BEGIN WITH THREAD
“If you begin with thread, you’re halfway home.” ~Sheila Hicks
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This inspirational video covers an amazing thread art installation
from beginning to end by Sheila Hicks.
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A sewing lesson from The Spiders ~
How long does it take a spider to become really good at webs?
I was chatting with a friend at the weekend. She’s probably a couple of years into her sewing career and we discussed some of the challenges. ‘Part of it,’ I said, ‘is that you just need to get a lot of sewing hours under your belt.’
There’s a popular conceit that it takes 10,000 hours to become really good at something. Is this true? After five years of sewing, I’m nowhere near that! But I do think that better sewing is about more sewing.
I realised it might help to touch on some of the frustrations my friend has felt as she’s patiently taught herself how to sew.
I Sew Clothes That I Don’t Wear
This is really common. You toil for hours to complete an item … and then it languishes in a drawer. Why? There are two main answers: you’re…
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HOW TO IRON EMBROIDERY
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Video “How to Iron Embroidery”
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THREADS 101 – Part 2
Weight, ply and needles.
By Jenn Long
WEIGHT AND MEASURES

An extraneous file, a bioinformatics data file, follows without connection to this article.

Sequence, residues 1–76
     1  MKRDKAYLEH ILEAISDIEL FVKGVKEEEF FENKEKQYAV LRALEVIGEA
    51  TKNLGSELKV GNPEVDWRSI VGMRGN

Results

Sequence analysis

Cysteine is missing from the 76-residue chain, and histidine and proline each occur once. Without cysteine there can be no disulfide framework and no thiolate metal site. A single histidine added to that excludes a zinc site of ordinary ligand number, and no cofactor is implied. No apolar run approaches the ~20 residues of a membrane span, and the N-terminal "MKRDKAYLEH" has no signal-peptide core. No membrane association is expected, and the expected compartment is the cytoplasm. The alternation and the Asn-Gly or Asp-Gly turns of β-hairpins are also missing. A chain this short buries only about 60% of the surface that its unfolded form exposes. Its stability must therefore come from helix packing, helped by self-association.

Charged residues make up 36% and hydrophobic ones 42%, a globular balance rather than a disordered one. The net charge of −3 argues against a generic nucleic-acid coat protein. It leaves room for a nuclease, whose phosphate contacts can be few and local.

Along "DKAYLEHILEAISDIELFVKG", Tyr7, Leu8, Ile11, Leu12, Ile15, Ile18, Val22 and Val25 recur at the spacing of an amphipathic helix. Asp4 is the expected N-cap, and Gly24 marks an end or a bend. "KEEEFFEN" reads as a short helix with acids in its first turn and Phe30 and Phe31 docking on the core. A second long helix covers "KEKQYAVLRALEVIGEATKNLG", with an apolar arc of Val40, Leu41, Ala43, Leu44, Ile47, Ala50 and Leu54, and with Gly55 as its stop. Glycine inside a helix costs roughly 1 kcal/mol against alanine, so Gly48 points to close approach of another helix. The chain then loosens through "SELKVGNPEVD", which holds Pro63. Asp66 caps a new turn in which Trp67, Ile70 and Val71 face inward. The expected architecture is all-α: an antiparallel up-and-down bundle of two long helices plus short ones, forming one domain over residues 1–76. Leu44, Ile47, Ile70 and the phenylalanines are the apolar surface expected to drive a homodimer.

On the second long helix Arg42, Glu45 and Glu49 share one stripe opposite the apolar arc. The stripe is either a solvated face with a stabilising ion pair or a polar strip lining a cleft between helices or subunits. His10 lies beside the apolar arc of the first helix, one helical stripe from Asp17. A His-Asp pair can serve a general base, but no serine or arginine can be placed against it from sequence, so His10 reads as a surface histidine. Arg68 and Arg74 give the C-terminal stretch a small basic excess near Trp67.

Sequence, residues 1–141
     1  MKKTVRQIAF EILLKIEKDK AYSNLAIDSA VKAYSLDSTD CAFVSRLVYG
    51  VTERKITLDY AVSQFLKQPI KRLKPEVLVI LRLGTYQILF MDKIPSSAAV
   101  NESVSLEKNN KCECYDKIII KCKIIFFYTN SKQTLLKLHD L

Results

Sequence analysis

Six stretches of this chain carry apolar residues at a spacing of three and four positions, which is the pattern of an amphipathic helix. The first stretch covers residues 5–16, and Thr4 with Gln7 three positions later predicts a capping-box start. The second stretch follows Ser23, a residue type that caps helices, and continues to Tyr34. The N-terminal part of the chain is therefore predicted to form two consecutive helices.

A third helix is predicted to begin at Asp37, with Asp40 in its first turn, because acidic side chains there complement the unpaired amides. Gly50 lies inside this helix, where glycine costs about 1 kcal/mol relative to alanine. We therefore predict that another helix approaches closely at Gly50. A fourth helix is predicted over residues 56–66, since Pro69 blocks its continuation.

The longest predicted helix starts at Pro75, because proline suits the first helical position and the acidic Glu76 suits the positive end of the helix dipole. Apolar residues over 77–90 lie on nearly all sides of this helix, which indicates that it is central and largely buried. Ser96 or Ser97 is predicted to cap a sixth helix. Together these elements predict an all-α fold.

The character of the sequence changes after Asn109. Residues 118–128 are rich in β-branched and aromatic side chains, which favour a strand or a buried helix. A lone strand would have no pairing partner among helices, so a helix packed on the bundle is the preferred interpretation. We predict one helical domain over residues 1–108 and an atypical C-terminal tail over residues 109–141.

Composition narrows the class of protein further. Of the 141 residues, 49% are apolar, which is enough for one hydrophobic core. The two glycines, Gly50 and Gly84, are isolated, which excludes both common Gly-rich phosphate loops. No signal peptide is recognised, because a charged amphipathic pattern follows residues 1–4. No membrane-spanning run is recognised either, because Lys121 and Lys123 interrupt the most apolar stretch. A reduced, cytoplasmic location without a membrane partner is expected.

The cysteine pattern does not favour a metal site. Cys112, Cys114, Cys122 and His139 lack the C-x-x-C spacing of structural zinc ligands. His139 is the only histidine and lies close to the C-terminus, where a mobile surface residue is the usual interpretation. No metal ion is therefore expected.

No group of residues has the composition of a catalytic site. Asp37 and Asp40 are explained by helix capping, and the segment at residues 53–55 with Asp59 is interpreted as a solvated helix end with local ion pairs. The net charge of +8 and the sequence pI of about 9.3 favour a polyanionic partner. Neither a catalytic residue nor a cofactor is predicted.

Thread weights are pretty confusing. There are many different ways manufacturers determine the weights and measurements of threads.
Most thread in U.S. stores print the thread weight on the spool. Some sources state that this system is actually a length system, i.e. how many meters equal one gram. However, all one needs to remember is the smaller the number the THICKER the thread. Commonly used are 12wt, 30wt, 40wt, 50wt, and 60wt. This system is not entirely dependable because one brand will have 50wt which could actually be different from another brand. We will go into greater details about these weights in the next section.
Denier relates to weight in grams of 9000m of thread. A larger number indicates a heavier thread. This is usually applied to the fineness of silk, rayon, or nylon yarns.
Thread Tex relates to weight in grams of 1000m of thread. Larger Tex numbers are heavier threads. This method is becoming more and more the new standard. Wiki Article
When comparing threads, make sure you use a consistent standard of measurement.
Generally, 40 wt =240 denier=Tex 25.
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There is no reason to talk about thread without considering needles. Generally, you match the type of needle to the fabric. Jeans needles for denim, etc. But the size of needle should correlate with your thread.
Schmetz, a leader in the sewing needle industry states that 40wt/240 denier/Tex 25 all work in a size 75/11 needle. Schmetz also advises that the diameter of the eye of the needle should be 40% larger than the diameter of the thread. A bit confusing? Yes. So in plain-talk, consider a larger needle when using threads heavier than 40wt/240denier/tex25. Consider using a smaller needle when using finer threads.
Yep you have seen it but what in the world does it mean!? We are not talking about toilet paper, but thread ply. When thread is made, the ply refers to how many strands are twisted around to make the thread. A 3-ply will be stronger then a 2-ply. You may see on a spool 50/2 or a 50/3. This means it is 50wt thread but one is 2 ply and the other is 3. This is why measuring by weight (although it is really length) is not accurate. A 50/2 will be lighter thread then a 50/3.